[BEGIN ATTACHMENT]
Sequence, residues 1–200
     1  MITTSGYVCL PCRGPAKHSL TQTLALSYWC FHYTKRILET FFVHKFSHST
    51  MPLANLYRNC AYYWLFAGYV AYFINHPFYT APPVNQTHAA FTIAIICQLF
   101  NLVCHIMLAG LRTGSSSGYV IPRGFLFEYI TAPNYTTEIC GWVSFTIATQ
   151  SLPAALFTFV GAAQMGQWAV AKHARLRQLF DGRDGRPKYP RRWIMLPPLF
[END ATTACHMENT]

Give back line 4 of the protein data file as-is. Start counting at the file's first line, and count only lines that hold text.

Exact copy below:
   101  NLVCHIMLAG LRTGSSSGYV IPRGFLFEYI TAPNYTTEIC GWVSFTIATQ